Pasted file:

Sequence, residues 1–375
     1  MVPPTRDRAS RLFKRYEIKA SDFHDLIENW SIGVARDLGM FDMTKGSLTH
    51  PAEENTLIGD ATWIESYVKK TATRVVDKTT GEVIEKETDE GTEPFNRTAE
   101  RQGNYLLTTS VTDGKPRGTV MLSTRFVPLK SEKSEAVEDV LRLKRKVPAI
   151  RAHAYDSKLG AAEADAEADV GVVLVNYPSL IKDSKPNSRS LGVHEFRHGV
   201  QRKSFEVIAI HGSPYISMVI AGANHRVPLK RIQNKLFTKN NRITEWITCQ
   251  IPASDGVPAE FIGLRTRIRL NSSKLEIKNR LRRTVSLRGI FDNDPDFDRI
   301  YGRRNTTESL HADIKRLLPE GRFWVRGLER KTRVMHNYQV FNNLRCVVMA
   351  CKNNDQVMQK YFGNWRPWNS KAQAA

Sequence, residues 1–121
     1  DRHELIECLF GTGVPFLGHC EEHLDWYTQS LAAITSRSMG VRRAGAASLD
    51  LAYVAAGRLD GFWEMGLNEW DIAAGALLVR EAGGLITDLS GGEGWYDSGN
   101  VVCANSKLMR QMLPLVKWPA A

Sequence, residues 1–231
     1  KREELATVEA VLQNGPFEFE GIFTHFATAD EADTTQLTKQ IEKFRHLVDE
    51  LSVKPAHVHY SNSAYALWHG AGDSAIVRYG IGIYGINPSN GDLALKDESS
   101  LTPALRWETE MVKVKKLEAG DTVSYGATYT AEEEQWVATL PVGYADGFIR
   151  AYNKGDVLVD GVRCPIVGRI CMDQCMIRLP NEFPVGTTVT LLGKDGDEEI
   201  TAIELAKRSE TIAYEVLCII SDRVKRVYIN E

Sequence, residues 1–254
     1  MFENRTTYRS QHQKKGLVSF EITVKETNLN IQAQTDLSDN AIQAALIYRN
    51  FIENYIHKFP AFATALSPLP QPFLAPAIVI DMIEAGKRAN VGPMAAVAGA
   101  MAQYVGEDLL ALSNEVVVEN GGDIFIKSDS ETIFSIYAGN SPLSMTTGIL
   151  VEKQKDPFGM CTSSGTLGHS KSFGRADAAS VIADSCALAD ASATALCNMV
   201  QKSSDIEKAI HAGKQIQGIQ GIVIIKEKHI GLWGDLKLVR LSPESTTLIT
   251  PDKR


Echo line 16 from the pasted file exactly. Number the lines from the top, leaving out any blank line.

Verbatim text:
    51  LSVKPAHVHY SNSAYALWHG AGDSAIVRYG IGIYGINPSN GDLALKDESS